Student and Postdoc Travel Support for DNA19

Project: Research project

Description

Student and Postdoc Travel Support for DNA19 This is an unsolicited proposal to support student and postdoctoral scholar travel expenses for the 19th International Meeting on DNA Computing and Molecular Programming (DNA19), which will take place September 23-27, 2013 at Arizona State University. This conference emphasizes topics that bridge computation, biology, and nanotechnology and attracts top researchers in the fields of Computer Science, Mathematics, Chemistry, Molecular Biology, and Nanotechnology. The primary purpose of these funds is to provide assistance to students and postdoctoral scholars who are delivering oral or poster presentations at the conference. The process of selecting the travel award recipients is intended to give priority to women and underrepresented minorities, in addition to supporting quality research presentations. Intellectual merit: The DNA computing and molecular programming conference series began in 1995 after the pioneering work of Leonard Adleman, who solved an instance of the Hamiltonian path problem using DNA molecules, opening the door to a new field. Since then, theory and practice have progressed rapidly with the conference series enduring as the field's foremost stage where progress and new breakthroughs are reported. The conference maintains very high quality standards set by the steering committee and the program committee consisting of prominent scientists in the field. The meeting has acted as a unifying voice giving coherency and direction to the field, while keeping a significant emphasis on interdisciplinary work. The scope of the conference has grown steadily along with the entire field, from the early focus on biomolecular algorithms and their implementations using DNA, to its current status which includes control of molecular folding and self-assembly to construct nanostructures; demonstration of switches, gates, devices, and circuits with biomolecules; molecular motors and molecular robotics; computational processes in vitro and in vivo; studies of fault tolerance and error correction; synthetic biology and in vitro evolution; software tools for analysis, simulation, and design; as well as a range of applications in engineering, physics, chemistry, biology, and medicine. This growing base of knowledge should eventually produce important new technologies and new nanoscale manufacturing techniques for materials and devices, new medical biosensor and therapeutics, and new models for understanding organization and complexity in biological systems. Broader impact: By funding travel to students and postdoctoral scholars we are aggressively encouraging and incentivizing a fresh generation of researchers to attend the conference. The NSF has already demonstrated its commitment to the field of DNA computing and molecular programming with its ongoing support. The travel awards will help to foster the development of the next generation of molecular programmers, by encouraging students to attend, present their work, and interact with other important players in the field. The long term benefits to the field of such a forum are obvious. As mentioned above, the program committee strive to ensure that only the highest quality work is presented at the DNA computing and molecular programming conferences and it is imperative that students and young scholars are frequently exposed, and subject to, these high standards. This exposure will allow them to gain an understanding of the process of creating and developing sound scientific ideas. There is a unique blend of theory and practice at DNA computing and molecular programming conferences, from a range of academic disciplines. The call for papers explicitly encourages theoretically orientated papers, experimentally oriented papers, and a mix of both. Interdisciplinarity is absolutely engrained within the goals of the conference. At DNA19, young scholars will see that the leaders in their field are devoted to the idea of producing the highest quality interdisciplinary research. A full day of tutorials at the beginning of the conference will facilitate students' understanding of work from a variety of fields.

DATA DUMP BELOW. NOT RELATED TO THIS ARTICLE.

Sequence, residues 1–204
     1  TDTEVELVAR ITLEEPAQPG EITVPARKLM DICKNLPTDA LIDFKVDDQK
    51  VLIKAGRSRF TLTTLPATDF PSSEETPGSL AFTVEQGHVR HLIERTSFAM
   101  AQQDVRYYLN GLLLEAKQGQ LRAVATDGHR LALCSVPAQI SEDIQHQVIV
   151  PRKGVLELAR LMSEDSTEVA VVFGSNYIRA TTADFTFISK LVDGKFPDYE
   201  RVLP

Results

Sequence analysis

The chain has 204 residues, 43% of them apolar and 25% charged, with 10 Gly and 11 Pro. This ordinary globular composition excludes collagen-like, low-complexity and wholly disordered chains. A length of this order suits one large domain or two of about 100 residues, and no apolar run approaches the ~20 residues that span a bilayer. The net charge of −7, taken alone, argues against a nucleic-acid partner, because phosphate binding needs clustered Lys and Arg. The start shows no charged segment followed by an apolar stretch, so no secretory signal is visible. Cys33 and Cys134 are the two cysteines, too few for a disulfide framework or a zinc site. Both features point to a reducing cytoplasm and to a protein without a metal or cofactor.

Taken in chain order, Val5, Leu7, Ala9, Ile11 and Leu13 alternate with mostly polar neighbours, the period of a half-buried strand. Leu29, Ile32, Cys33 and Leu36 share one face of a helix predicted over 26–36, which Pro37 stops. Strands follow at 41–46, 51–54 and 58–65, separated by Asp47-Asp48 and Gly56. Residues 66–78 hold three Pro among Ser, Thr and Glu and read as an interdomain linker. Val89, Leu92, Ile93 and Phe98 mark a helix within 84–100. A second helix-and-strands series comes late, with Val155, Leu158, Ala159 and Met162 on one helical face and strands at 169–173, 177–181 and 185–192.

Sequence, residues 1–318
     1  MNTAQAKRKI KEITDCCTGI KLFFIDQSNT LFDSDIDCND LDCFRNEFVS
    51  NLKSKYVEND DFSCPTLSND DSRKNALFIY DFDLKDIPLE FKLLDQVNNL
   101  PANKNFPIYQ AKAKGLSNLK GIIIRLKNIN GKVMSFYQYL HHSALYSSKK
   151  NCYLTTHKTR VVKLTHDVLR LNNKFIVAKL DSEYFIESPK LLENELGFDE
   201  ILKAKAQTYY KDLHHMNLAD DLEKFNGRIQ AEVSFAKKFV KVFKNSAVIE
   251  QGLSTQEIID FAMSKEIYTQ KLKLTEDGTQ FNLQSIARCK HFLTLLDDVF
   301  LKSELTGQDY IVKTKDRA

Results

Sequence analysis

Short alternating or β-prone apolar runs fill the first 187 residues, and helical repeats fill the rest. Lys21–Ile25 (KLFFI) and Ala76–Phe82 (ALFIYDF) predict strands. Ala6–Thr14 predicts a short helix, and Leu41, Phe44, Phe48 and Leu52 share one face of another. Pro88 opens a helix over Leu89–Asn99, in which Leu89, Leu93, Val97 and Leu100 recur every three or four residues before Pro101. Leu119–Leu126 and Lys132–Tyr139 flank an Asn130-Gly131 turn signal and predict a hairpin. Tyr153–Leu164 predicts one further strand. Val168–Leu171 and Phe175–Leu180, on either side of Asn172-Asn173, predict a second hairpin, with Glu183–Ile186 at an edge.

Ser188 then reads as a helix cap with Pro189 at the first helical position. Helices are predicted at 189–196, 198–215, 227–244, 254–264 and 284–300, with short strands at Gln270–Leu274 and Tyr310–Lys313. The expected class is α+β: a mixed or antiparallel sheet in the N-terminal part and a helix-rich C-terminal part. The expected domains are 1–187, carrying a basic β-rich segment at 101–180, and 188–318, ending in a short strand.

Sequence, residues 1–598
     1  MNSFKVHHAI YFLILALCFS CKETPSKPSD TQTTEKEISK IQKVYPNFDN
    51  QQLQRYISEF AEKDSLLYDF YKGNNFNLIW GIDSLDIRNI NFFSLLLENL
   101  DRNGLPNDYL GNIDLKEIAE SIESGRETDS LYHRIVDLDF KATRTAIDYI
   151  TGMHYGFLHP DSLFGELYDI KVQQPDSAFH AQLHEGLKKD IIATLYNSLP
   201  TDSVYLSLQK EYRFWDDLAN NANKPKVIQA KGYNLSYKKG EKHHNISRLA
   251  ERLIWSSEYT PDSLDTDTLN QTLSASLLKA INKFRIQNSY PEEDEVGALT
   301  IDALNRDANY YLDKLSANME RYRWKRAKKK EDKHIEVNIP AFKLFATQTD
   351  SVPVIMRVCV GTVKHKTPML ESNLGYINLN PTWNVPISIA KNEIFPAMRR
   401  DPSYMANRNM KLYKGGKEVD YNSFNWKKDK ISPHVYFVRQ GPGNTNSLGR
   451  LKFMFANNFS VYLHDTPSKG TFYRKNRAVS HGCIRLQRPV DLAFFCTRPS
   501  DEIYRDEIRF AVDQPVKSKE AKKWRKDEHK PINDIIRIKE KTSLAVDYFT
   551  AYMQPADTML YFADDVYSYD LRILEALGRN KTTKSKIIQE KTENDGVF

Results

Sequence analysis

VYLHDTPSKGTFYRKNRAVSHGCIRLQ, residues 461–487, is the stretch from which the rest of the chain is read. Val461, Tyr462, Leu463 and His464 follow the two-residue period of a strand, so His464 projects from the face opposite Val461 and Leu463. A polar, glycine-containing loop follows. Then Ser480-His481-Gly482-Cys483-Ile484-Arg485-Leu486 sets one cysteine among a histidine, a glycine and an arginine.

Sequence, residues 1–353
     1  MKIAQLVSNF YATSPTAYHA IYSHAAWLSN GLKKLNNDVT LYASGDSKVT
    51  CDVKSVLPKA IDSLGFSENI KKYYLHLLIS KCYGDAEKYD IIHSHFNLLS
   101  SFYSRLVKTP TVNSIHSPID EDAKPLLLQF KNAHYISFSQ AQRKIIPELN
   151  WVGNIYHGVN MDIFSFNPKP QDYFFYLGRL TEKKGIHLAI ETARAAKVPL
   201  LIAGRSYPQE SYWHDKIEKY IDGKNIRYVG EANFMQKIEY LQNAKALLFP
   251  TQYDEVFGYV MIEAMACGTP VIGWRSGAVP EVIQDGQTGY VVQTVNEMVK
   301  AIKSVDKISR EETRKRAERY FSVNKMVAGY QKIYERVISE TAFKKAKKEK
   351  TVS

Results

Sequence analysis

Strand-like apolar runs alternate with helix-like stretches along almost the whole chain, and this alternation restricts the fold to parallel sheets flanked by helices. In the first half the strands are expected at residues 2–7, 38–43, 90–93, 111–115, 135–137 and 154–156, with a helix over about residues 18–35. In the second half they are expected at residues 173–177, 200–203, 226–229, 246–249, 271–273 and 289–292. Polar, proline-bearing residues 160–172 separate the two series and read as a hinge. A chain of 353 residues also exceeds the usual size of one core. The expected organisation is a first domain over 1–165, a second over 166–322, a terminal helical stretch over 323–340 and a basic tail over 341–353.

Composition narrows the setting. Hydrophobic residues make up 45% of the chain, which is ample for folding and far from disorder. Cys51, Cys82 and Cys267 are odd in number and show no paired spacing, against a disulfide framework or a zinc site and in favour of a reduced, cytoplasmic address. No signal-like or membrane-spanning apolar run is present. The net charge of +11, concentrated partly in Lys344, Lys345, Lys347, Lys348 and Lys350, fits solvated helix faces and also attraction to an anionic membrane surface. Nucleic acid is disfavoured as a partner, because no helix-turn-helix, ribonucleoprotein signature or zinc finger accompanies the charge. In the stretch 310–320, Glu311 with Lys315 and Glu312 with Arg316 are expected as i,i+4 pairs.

StatusFinished
Effective start/end date12/1/123/31/14

Funding

  • National Science Foundation (NSF): $21,000.00

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students
travel
deoxyribonucleic acid
programming
biology
nanotechnology
chemistry
programmers
molecular biology
fault tolerance
software development tools
minorities
mathematics
robotics
medicine
bioinstrumentation
folding
proposals
self assembly
switches